Real Estate Law
Have Real Estate Law Questions? Ask a Real Estate Lawyer.
Hello, my name is ***** ***** I will be helping you today.
The person renting the place is required to provide air conditioning. In Dallas, there is an ordinance that requires refrigerated air to tenants to make sure that the temperature is 20 degrees below what it is outside or below 85 degrees, whichever is higher. Failure to do so is a code violation and can be grounds for breaking a lease and suing for damages.
To meet state law, put a copy of the letter in the mail that the air conditioner isn't working. Make sure you give your name and address, a description of the repair problem, a request that repairs be made and a signature. You'll want to send this certified with a return receipt so you can prove it was mailed.
If the air conditioning isn't fixed in a reasonable period of time, a tenant has the option to terminate the lease, move and sue for one month's rent plus $500, actual damages, court costs and attorney fees. Or you can continue living there and sue for those same things.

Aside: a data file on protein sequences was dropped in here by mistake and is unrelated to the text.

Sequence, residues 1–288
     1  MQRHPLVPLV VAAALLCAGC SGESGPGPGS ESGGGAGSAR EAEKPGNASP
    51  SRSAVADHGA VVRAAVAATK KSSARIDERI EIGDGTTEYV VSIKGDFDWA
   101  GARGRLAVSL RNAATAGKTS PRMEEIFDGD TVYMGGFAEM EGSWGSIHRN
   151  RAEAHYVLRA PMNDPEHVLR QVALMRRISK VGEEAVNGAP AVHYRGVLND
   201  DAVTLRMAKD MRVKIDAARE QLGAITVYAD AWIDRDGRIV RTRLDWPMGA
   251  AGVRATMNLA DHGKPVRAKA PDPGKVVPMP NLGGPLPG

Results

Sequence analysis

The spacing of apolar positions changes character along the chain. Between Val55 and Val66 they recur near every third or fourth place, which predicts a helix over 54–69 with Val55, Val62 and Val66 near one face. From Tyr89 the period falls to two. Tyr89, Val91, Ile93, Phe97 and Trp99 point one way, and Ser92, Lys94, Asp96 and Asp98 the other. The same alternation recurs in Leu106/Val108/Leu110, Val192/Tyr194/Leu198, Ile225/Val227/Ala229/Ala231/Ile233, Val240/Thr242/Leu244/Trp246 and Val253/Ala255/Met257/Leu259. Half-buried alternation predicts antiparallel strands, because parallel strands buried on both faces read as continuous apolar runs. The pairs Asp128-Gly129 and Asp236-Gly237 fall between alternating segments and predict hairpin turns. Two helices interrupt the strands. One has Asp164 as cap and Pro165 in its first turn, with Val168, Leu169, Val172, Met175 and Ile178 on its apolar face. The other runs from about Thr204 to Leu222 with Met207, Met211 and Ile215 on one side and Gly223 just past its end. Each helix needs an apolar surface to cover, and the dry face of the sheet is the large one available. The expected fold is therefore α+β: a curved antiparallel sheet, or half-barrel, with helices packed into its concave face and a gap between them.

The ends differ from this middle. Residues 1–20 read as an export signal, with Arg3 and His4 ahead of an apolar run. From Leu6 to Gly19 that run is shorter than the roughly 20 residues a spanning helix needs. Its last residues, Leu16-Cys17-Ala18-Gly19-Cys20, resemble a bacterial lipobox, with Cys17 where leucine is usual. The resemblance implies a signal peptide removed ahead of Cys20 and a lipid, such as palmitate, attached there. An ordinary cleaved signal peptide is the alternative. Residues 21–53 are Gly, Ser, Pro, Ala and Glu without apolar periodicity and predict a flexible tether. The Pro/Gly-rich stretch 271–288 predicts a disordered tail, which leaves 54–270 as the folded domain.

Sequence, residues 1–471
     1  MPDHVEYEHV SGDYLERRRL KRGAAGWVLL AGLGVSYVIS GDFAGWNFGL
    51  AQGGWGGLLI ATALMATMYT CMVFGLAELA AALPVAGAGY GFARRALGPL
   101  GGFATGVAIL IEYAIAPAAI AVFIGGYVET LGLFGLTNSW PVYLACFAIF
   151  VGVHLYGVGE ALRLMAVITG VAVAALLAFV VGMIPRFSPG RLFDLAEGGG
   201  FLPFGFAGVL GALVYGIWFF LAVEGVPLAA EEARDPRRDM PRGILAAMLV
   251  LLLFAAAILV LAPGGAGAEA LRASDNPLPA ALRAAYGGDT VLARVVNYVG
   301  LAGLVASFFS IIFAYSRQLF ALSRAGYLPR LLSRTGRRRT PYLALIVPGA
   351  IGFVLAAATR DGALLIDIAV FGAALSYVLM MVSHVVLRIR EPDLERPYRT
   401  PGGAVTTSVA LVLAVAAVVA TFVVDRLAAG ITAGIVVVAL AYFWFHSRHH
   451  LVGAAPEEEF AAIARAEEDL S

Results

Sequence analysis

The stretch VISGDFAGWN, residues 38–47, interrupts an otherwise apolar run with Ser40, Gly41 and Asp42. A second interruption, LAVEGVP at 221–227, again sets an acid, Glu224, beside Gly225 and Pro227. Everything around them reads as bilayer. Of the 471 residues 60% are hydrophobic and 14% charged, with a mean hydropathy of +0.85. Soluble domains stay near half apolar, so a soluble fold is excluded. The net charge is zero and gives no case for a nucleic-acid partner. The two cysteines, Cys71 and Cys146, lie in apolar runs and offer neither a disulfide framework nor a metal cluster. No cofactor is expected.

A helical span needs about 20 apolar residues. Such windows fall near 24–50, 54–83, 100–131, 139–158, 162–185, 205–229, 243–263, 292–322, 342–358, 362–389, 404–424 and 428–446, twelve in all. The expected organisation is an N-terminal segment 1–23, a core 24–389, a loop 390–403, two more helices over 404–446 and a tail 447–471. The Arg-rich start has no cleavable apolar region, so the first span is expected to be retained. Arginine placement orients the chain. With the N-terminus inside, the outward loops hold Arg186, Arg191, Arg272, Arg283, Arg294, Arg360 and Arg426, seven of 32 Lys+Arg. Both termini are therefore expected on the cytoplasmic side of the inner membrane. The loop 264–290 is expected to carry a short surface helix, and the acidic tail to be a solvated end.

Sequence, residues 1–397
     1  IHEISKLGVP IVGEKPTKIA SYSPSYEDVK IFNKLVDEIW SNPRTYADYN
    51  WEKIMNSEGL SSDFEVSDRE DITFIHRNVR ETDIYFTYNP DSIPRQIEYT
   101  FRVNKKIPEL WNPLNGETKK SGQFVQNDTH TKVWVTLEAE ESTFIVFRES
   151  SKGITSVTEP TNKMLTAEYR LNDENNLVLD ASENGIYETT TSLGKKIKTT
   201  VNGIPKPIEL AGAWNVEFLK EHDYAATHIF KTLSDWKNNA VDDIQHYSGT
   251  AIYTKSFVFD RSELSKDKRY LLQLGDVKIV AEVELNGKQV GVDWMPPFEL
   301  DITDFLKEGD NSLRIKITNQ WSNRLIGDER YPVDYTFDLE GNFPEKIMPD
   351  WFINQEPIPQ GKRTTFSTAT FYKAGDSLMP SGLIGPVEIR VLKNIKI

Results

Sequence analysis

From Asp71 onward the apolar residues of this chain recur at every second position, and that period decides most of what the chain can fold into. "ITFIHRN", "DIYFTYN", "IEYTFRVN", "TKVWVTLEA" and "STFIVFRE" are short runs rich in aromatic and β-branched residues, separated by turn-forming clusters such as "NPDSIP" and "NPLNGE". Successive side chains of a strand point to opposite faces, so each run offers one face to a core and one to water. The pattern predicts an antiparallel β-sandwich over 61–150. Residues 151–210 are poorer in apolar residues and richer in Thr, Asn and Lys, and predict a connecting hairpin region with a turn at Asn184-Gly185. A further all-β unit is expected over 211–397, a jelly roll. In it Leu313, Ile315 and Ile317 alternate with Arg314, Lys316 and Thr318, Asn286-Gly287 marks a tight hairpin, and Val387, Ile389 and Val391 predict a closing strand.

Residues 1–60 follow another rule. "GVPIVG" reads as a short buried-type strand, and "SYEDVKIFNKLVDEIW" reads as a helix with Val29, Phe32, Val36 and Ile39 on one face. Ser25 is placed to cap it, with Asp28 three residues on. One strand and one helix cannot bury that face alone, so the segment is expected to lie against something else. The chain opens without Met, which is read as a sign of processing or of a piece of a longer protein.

Unfortunately, because he fixed it within a reasonable period of time, you are probably not going to be able recover for the one night (also, during that night, the temperature was probably not above 85 degrees in the apartment). As for the extension of the lease, if you have evidence or could prove that he agreed to the extension, then he is not able to rescind it. The difficult is that if it was not put down in writing and he is willing to lie to court, then you might run into issues since you do not have evidence of the extension.
What would happen is that you would stay in the apartment past the expiration of the old lease, he would file a lawsuit to get an eviction order, and then you would make the argument that the lease had been extended. It is at this hearing that you would need to have proof to support your argument.
Got it. So unless you breached the lease in some way, he cannot now try to void the lease extension after you agreed to it.
So basically, you would stay past the date that the landlord is saying you have to leave by. Then when the landlord tries to enforce it against you by filling an unlawful detainer lawsuit (to get you evicted), you would present your evidence that the lease was extended.
You could also sue the landlord now and seek a declaratory judgment where the court makes a decision about the extension of the lease before the end of the the original time period for when your lease was supposed to end.
The first step though is to state that the landlord cannot back out of the lease extension agreement after it was already agreed to, and therefore, you will be invoking your right to stay in the apartment until the lease extension ends.